During the financial crisis that started in the United States in 2007, huge financial giants in the “shadow banking” system outside regulated banks suffered similar problems [as regulated banks]…As confidence in the investments they had made fell, lenders increasingly refused to roll over their short-term loans, and they were forced to throw assets on the market at fire-sale prices. Distressed sales drove prices down further, leading to further losses and downward-spiraling confidence. Eventually, the U.S. government had to step in to try to prop up the market.

While Reinhart and Rogoff review a millennium of financial woes, several key messages emerge from their text. The first is the need for smarter financial regulation that would require deeper capital reserves in order to leverage high-risk investments. In an era of “too big to fail,” where governments, businesses, and private capital are interlocked and interdependent, the age of irresponsible, ahistorical high-risk gambling ought, finally, to come to a close. The underlying belief is that with smart, 21st-century updates to our financial regulation regime, the U.S. and other advanced post-industrial economies can cut volatility in our markets without despoiling the vitality of private capital or curtailing what’s good in a canny investment strategy. Righting the ship is a perpetual task that requires vigilance, attention to history, and truthfulness in public discourse.

The guidelines to achieve long-lasting economic stability are rather clear, if we have the patience and political will to carry out such changes. We must make tough fixes to our regulation regime, requiring more strident consumer protections and increased capital reserves from the “shadow banking” industry. We must help homeowners refinance their mortgages. We must reinvest in emerging industries, and in our crumbling infrastructure, and, crucially, in research and development. These investments require income, and for the United States government, income means tax revenues. Part of righting this ship means reforming the tax code. As conventional wisdom recommends, the best fix for a long-term budget deficit is to get the economy growing again. Our politicians ought to be clear about the facts. As the authors write:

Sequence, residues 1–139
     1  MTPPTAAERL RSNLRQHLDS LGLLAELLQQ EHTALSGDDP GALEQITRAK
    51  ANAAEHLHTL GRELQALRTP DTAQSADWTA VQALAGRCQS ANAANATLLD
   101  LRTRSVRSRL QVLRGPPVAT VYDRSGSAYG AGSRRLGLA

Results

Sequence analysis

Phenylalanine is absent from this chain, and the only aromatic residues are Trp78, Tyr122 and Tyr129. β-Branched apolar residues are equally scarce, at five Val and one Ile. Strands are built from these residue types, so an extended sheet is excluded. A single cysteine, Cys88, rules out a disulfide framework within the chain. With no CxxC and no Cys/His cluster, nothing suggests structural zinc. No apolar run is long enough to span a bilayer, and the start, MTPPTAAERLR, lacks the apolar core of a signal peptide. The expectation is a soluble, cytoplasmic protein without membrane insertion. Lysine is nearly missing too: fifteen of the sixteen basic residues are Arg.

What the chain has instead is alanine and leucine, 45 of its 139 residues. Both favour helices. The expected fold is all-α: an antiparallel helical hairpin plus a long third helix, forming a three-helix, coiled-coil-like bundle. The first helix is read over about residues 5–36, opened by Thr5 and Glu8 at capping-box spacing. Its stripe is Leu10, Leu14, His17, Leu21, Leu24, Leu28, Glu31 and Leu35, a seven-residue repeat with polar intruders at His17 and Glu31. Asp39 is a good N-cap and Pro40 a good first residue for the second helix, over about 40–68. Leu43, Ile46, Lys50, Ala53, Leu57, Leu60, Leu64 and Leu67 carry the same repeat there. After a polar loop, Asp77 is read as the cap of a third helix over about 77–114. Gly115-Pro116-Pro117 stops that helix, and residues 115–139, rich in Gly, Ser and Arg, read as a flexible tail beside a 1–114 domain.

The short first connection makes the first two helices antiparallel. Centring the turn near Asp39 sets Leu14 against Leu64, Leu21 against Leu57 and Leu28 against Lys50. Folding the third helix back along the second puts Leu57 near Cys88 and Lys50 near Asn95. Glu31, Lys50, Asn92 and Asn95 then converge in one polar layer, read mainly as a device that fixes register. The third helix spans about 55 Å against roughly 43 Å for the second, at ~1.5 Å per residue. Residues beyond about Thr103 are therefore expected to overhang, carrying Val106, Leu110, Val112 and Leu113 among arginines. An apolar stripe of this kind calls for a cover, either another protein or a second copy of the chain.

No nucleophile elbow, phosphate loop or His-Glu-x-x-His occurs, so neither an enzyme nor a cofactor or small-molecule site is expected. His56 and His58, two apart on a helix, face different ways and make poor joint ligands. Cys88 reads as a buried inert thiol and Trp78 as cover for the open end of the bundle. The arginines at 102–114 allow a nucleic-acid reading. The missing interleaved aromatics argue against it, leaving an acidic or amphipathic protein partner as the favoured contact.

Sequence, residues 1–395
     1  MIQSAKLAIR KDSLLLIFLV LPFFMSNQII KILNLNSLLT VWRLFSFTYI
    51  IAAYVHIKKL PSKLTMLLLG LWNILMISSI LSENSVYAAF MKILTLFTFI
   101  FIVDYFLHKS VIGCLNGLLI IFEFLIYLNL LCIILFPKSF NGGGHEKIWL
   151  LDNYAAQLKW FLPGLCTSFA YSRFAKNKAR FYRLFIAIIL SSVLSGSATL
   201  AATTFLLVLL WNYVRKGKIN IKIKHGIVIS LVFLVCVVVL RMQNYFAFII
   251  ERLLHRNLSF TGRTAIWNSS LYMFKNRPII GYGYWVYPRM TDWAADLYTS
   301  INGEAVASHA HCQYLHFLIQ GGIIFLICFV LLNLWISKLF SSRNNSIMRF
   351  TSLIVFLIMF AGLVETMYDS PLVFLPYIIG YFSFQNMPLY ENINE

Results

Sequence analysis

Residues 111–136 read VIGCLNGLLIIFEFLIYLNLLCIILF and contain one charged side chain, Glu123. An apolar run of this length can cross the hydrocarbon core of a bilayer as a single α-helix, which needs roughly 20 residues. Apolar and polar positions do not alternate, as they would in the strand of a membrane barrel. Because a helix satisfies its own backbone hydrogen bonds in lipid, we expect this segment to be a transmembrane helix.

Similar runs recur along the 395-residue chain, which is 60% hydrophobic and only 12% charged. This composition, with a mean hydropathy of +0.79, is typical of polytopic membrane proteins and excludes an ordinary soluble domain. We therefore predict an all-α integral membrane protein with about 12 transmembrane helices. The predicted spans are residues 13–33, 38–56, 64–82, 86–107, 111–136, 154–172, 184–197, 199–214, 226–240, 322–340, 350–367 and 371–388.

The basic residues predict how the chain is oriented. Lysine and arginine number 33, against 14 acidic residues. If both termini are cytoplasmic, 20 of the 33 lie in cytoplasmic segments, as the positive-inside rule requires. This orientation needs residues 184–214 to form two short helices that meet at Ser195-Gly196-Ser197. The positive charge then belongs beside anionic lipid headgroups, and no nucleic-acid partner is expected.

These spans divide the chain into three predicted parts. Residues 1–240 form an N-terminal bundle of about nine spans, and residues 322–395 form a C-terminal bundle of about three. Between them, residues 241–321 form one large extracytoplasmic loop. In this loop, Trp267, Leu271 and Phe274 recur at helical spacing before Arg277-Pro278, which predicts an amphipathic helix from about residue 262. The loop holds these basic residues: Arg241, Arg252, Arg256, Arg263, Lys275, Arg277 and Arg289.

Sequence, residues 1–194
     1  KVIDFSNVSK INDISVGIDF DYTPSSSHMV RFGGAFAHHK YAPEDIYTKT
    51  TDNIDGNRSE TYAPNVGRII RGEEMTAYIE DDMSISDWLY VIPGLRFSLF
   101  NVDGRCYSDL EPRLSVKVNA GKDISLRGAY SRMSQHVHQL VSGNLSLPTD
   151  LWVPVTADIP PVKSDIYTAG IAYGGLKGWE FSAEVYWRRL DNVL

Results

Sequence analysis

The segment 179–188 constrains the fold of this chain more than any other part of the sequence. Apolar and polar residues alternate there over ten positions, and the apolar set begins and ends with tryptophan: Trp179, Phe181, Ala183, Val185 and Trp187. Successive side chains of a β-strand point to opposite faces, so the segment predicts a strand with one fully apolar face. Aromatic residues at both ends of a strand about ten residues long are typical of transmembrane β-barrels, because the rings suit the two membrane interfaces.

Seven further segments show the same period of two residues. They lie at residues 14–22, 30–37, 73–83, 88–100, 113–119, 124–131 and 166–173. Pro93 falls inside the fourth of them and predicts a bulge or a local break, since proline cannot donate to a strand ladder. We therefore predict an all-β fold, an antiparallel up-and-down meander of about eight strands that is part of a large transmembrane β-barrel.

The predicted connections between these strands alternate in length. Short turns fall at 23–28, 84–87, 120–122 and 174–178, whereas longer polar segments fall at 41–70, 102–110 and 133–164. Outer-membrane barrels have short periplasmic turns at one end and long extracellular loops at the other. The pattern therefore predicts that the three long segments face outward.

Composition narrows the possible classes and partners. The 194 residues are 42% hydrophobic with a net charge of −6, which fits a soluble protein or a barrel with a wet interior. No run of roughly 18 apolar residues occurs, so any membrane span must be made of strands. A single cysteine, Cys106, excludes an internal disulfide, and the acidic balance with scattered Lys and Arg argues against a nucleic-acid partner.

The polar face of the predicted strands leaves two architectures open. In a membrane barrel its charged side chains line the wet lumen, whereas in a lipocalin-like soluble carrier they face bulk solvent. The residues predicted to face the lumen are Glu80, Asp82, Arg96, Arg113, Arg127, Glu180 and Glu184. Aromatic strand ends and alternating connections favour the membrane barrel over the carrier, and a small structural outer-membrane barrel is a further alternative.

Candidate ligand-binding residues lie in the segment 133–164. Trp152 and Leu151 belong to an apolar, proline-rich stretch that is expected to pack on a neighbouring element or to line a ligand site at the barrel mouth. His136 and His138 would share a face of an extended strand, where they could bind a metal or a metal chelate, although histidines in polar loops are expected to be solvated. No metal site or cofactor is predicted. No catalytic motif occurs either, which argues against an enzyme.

The aftermath of banking crises is associated with profound declines in output and employment. The unemployment rate rises an average of 7 percentage points during the down phase of the cycle, which lasts on average more than four years.

The telltale sign of democratic politics functioning adequately in the service of its constituents is evidence that politicians’ words match up with reality. As we know from Orwell’s classic dystopian novel, 1984, moral seriousness in the political realm—where financial regulation must originate—disintegrates and putrefies if the language of our political leaders is trapped in a void of equivocation. Real discussion of complex economic issues cannot be encapsulated in sound bites. In the political and public sphere, to speak with the intention to be truthful is itself a moral act. The United States is in the midst of a moral crisis in this regard. The responsibility for accuracy and truthfulness must be fulfilled among individuals in their own lives, and it must occur at the institutional level, in the governance of businesses, banks, schools, and states. 


Allen Wilcox